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The Gnostics (Pocket Essentials) Hardcover – 24 Nov 2006


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Product details

  • Hardcover: 160 pages
  • Publisher: Pocket Essentials (24 Nov 2006)
  • Language: English
  • ISBN-10: 1904048560
  • ISBN-13: 978-1904048565
  • Product Dimensions: 12.7 x 2 x 19 cm
  • Average Customer Review: 4.8 out of 5 stars  See all reviews (5 customer reviews)
  • Amazon Bestsellers Rank: 172,736 in Books (See Top 100 in Books)

More About the Author

Sean Martin is the author of the bestselling The Knights Templar: The History and Myths of the Legendary Military Order (2nd edition, 2009), and has appeared in a number of Templar-related TV programmes, including The Trial of the Knights Templar (Channel 5) and The Templars' Lost Treasure (National Geographic).

His other books include The Gnostics: The First Christian Heretics (2nd edition, 2010), The Cathars: The Most Successful Heresy of the Middle Ages (2005) and Andrei Tarkovsky (new edition, 2011), a study of the great Russian director. His latest book is New Waves in Cinema (2013).

As a filmmaker, he co-directed the documentary Lanterna Magicka: Bill Douglas and the Secret History of Cinema (2009, released on DVD and Blu-Ray by the BFI), the short film A Boat Retold, featuring writers Robert Macfarlane and Ian Stephen (2013), and the feature film Folie à Deux (2012).

He is also a poet, and won the 2011 Wigtown Poetry Prize. He lives in Edinburgh.

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10 of 11 people found the following review helpful By Basilides on 3 Feb 2009
Format: Hardcover
A good general introduction to an enormous subject which brings the Gnostic story right up to the present day and Philip K Dick and The Matrix, via Blake, Jung and Kafka. It contains all you need to know to recognise and appreciate how Gnosticism has become an all pervasive part of contemporary culture, and is at the heart of so many things even when so many people have never heard of it; ignorance of it among the educated classes is quite astonishing, be they atheists or believers. Both have very good reason to find out more, otherwise their position is untenable (see my review of the book 'Better Never To Have Been').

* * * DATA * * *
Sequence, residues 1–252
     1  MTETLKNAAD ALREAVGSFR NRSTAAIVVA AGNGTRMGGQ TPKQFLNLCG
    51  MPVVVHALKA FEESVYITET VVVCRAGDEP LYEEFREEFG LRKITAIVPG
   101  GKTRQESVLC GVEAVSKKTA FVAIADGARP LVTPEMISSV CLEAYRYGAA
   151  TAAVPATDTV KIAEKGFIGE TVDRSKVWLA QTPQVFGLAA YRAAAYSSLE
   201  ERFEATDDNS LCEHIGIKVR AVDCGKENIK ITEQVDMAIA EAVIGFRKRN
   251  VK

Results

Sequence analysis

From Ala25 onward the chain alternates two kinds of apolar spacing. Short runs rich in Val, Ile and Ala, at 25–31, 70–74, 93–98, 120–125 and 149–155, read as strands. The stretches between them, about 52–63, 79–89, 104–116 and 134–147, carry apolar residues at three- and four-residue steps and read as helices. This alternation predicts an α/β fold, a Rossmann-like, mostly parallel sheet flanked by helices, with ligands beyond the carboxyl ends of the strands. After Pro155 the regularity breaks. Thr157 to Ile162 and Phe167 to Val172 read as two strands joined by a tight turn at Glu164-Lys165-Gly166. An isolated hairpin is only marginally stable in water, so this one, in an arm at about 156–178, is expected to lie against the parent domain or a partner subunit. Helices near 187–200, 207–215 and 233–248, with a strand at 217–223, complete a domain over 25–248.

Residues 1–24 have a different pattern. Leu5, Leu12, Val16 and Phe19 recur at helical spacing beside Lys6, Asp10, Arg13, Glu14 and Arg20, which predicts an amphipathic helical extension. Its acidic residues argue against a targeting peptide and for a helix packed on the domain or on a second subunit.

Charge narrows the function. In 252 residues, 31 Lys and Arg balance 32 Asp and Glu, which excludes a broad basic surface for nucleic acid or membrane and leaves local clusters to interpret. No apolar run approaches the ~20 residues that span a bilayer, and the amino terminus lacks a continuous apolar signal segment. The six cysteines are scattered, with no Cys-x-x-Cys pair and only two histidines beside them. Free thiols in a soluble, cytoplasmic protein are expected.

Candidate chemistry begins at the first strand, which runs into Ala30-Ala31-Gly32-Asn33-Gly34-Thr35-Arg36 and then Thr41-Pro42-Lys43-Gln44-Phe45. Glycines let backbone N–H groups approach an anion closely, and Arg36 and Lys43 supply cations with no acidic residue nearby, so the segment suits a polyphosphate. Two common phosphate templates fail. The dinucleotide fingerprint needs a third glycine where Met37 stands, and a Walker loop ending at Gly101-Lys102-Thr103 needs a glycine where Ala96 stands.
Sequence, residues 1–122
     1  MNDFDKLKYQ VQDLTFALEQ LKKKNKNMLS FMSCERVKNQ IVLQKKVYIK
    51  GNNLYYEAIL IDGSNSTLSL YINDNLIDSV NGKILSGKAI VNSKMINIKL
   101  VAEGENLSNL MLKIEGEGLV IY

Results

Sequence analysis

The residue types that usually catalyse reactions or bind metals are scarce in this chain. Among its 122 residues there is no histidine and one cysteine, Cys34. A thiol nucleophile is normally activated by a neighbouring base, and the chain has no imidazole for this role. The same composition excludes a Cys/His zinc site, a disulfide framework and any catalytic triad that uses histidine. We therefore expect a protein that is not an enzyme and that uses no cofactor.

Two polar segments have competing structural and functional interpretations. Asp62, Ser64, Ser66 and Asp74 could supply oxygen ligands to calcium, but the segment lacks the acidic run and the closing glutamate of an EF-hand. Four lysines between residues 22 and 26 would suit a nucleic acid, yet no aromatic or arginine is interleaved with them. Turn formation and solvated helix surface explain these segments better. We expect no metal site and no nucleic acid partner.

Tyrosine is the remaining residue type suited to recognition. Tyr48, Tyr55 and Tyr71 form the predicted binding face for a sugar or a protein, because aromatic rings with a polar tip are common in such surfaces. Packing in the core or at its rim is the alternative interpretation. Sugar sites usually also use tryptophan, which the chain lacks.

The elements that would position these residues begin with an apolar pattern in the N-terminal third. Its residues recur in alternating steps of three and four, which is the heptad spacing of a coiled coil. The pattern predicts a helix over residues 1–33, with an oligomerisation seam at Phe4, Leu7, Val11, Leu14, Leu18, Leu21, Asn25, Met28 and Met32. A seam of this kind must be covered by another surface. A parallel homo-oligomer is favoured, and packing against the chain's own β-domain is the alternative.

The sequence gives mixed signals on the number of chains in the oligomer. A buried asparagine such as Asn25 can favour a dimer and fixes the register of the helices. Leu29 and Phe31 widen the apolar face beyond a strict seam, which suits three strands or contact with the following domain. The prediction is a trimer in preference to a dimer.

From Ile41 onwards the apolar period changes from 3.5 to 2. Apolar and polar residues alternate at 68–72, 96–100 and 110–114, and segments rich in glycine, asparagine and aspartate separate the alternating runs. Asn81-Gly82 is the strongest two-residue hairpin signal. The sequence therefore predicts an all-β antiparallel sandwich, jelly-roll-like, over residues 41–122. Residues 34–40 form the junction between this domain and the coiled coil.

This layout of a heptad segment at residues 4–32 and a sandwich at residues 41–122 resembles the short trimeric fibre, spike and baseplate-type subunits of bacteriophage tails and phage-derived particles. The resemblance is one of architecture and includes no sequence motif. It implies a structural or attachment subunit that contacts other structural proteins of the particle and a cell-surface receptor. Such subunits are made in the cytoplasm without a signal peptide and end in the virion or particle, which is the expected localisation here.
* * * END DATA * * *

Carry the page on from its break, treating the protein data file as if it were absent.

The two other excellent and deeper introductions to Christian Gnosticism are 'The Gnostic Gospels' by Elaine Pagels and 'The Gnostics' by Tobias Churton.
Ultimately the one to aim for is the groundbreaking masterwork on the subject from 1958 which is Hans Jonas' 'The Gnostic Religion: the message of the alien God and the beginnings of Christianity'.
But for the influence of Gnosticism on Western literature, and indirectly on Catholic mysticism, the book to read is 'Passion and Society' by Denis de Rougement; and almost all of Harold Bloom's critical work on the Romantic poets and their successors; and his 'Omens of Millennium: The Gnosis of Angels, Dream and Resurrection'.